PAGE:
The Warriors have navigated discord before during title defences and will do so again in 2022-23. Even with the likes of Gary Payton II and Otto Porter Jr. departing, the Warriors have excellent depth with several emerging talents complementing a core that reaffirmed their championship pedigree by beating the Celtics in six games last season.

Golden State will bank on Jonathan Kuminga and Moses Moody taking the next step in their second seasons, while Jordan Poole has the chance to ascend to stardom once the fallout from him being punched by Draymond Green dies down.

Everything revolves around Stephen Curry, though, and there is no sign of him slowing down or his game-tilting range reducing at 34 years old.

This is a team with an insatiable appetite for proving themselves all over again, and they have all the resources to do so once more. If James Wiseman stays healthy and blossoms into an impactful starting center, it will be difficult to envisage anyone stopping them.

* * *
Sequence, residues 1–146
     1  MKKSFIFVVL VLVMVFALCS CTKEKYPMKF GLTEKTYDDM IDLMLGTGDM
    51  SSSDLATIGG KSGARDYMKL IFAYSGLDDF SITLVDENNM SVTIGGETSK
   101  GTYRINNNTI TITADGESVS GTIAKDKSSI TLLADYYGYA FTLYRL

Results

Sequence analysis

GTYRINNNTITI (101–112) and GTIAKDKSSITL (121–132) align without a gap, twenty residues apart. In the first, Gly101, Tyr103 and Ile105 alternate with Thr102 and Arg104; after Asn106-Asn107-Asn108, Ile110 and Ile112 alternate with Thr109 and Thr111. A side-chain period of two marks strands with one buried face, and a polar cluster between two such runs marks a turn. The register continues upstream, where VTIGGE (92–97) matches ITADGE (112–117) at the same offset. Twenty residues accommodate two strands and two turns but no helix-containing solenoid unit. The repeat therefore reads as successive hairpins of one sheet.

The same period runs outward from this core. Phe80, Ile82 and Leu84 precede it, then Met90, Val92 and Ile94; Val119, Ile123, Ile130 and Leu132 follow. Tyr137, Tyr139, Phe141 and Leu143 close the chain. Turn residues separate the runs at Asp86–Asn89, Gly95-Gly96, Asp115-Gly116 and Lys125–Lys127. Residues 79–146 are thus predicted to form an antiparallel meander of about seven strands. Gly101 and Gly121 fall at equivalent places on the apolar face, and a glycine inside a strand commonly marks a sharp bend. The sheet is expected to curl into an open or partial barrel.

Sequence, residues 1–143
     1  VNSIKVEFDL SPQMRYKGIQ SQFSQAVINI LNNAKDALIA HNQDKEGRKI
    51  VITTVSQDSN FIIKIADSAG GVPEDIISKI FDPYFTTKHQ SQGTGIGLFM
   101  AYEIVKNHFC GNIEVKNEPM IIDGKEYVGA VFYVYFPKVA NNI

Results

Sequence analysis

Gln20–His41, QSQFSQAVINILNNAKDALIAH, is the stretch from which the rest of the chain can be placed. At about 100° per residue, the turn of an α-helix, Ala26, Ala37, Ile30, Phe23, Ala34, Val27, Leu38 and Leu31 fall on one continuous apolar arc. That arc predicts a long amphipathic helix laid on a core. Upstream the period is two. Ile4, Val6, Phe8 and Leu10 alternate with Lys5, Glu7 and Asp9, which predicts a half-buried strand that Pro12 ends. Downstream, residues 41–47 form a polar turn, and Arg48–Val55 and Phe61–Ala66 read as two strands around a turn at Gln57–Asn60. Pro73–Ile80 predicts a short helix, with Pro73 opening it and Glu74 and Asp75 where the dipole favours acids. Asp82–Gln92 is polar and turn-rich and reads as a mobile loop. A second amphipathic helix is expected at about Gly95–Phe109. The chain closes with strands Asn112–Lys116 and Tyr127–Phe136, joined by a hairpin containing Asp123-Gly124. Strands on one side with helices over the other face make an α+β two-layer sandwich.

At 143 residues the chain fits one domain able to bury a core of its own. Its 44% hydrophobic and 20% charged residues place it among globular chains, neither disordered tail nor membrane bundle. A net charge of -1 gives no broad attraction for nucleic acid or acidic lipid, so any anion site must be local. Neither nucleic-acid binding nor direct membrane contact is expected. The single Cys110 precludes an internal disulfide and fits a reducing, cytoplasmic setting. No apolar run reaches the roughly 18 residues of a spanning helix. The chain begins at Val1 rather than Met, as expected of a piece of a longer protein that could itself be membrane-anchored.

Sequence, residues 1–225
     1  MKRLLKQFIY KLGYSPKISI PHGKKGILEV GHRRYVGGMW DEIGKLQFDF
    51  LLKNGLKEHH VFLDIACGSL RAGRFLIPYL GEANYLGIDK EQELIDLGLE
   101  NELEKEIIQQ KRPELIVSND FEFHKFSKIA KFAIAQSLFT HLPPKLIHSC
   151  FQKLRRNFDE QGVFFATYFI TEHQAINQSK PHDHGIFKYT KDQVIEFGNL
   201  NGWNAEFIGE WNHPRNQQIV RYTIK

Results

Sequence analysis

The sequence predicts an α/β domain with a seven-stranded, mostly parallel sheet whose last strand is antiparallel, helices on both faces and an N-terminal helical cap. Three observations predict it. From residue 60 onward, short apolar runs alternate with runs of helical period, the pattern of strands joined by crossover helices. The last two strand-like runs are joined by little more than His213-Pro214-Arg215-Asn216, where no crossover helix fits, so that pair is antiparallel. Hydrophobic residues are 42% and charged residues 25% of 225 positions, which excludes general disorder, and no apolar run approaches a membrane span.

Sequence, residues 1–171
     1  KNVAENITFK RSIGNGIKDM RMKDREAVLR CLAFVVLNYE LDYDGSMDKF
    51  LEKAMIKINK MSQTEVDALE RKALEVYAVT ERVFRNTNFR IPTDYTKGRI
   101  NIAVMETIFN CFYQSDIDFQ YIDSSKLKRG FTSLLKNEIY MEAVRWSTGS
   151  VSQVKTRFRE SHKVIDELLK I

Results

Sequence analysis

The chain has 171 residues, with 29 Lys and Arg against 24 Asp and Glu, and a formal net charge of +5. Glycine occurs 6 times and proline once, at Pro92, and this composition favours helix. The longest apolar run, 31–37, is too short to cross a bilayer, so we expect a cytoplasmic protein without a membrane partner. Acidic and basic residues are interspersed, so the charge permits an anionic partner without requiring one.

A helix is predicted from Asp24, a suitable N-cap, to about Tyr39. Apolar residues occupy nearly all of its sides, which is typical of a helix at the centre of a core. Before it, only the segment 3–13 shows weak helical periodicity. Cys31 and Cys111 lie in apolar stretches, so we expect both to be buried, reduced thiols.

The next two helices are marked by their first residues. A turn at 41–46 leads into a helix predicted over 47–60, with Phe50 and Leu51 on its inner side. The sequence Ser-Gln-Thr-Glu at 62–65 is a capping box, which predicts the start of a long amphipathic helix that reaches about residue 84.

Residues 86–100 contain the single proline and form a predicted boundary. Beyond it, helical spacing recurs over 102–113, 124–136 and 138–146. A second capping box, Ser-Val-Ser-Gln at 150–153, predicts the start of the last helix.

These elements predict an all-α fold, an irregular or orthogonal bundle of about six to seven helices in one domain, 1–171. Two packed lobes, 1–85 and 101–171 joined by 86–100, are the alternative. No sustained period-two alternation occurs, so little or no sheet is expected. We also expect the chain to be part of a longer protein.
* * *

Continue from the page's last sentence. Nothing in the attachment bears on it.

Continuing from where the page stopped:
David Segar

East first seed: Milwaukee Bucks

West first seed: Memphis Grizzlies

MVP: Giannis Antetokounmpo

Champions: Milwaukee Bucks

As Ben said, it is difficult to see a stronger contender in the East than Milwaukee, presuming their stars can stay fit.

With Ja Morant getting better all the time and the Phoenix Suns looking like they might fall away slightly, it would not be a huge surprise to see an ever-improving Grizzlies team top the West and perhaps even make it to the NBA Finals this time.